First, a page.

Reds stay aggressive with perfect suicide squeeze

After going ahead in 11th, Cabrera adds valuable insurance with bunt

Reds stay aggressive with perfect suicide squeeze

HOUSTON -- There was no inclination to let up once the Reds plated a hard-earned run and took the lead in the 11th inning of Friday's 4-2 win against the Astros at Minute Maid Park.

Instead, they ratcheted up the aggression. Ramon Cabrera dropped down a flawless suicide-squeeze bunt, scoring Eugenio Suarez and doubling Cincinnati's lead with a valuable insurance run.

"It was a lot easier to squeeze there with a one-run lead than with the whole game sitting in the balance, so it was a nice add-on run, and Ramon did a great job getting the bunt down," Reds manager Bryan Price said.

Price knew the top of the Astros' lineup was coming up in the 11th, so he wasn't willing to bet on a one-run lead holding up.

He also knew that Pat Neshek's side-winding motion and the Houston defense, which had swallowed up nearly everything hit to the spacious outfield, would make it tough on Cabrera.

"[The bunt] seemed to me at the time to be a better option," Price said. "Otherwise, you have to hit a ball through a drawn-in infield, with three outfielders who throw well, so even a fly ball doesn't guarantee you're going to score the run. There weren't a lot of holes in the outfield tonight. Between [Carlos] Gomez, [George] Springer and [Colby] Rasmus, you put the ball in the air, and unless it's smoked, it has no chance of getting down.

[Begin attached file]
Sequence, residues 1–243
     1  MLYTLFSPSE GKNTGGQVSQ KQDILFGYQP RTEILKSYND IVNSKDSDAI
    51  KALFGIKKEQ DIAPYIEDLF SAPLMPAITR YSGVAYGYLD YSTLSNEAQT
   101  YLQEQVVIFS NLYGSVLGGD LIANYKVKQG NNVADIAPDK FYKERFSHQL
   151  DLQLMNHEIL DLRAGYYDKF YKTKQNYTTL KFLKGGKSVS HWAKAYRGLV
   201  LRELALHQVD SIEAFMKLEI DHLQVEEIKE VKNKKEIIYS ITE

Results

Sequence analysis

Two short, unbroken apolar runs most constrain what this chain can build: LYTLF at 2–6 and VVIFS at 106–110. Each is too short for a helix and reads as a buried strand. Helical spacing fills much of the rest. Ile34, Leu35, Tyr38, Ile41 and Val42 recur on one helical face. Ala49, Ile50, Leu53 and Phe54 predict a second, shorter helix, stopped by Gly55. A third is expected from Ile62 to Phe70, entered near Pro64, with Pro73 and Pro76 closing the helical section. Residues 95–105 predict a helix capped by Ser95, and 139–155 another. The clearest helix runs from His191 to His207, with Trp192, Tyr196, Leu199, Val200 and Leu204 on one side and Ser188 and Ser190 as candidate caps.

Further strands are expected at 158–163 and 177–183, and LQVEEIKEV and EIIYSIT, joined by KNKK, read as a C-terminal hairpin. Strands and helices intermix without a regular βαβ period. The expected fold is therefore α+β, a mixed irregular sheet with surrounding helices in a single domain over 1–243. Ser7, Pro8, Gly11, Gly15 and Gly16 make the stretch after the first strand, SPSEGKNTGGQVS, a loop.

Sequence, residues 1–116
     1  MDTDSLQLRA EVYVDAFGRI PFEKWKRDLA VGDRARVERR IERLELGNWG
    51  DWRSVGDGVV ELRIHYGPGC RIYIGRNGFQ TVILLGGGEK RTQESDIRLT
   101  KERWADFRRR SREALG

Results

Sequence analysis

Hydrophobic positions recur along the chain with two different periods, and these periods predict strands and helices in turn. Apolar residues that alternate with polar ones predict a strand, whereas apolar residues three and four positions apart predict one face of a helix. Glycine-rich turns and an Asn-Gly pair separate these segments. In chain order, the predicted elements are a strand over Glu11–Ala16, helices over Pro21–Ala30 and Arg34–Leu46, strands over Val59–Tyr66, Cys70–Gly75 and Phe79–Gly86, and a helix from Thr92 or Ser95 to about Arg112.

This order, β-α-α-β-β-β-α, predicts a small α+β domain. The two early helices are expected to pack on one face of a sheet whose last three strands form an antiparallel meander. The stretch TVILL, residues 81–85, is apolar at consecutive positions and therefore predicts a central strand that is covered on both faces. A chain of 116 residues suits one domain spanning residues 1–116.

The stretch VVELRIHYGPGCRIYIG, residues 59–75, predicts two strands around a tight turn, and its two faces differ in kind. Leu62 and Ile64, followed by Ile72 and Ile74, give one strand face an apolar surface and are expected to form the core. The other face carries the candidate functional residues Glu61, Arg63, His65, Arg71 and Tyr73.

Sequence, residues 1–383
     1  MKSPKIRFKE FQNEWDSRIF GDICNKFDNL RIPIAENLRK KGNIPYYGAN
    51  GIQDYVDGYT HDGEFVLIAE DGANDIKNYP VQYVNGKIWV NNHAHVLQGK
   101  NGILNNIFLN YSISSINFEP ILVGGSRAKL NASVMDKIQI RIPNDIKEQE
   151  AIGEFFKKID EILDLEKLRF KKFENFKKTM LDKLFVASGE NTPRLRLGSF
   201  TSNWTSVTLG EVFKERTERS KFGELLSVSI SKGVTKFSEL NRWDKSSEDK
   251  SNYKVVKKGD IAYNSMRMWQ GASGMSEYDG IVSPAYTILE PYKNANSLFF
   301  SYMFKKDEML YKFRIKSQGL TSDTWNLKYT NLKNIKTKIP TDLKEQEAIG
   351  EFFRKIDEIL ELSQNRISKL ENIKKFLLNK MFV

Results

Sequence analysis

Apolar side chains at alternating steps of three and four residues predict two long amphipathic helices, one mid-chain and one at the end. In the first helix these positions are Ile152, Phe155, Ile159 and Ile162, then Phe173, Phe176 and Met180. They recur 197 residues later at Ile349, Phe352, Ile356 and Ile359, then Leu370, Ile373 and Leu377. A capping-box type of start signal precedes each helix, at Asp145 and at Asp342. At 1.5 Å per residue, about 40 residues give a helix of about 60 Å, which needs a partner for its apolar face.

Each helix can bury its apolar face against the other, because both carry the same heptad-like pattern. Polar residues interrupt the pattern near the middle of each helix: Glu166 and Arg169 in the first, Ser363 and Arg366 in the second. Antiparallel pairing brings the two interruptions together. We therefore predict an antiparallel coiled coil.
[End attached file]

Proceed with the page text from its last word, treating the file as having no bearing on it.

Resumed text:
"With a lead there, it was a lot easier [call] than in a tie game."

The rare play, which Price emphasized was absolutely of the suicide variety -- not a safety squeeze -- was the culmination of an aggressive inning all around.

Neshek entered the frame having allowed just four hits in 45 at-bats to right-handed batters in 2016, for a dominant .089 batting average against him.

Adam Duvall and Suarez jumped on Neshek early in the count, needing just three combined pitches to record the first consecutive hits by right-handed batters against him this season.

After Duvall singled to right, Suarez smothered Neshek's first pitch into the left-field corner for a go-ahead RBI double, and Duvall was aiming for home the entire way.

Suarez's go-ahead double

"I was hoping it would kick off pretty hard off the wall," Duvall said. "[Rasmus] was kind of underneath where the ball bounced. I just had my eye on him when it kicked and I hauled around.

"I was just glad I scored. That's a long way for a big boy like me."

It might have been easy for the Reds to rest on their laurels after pushing one run across, especially in a low-scoring affair.

They opted instead for one of baseball's delightful surprises, executing it to precision. Suarez was about three-quarters of the way home by the time Neshek fielded Cabrera's bunt along the first-base side. He never had a chance.

"A perfectly executed squeeze to get that second run, which really did play big with the Astros getting two guys on in the bottom of the 11th," Price said.

Chris Abshire is a contributor to MLB.com based in Houston. This story was not subject to the approval of Major League Baseball or its clubs.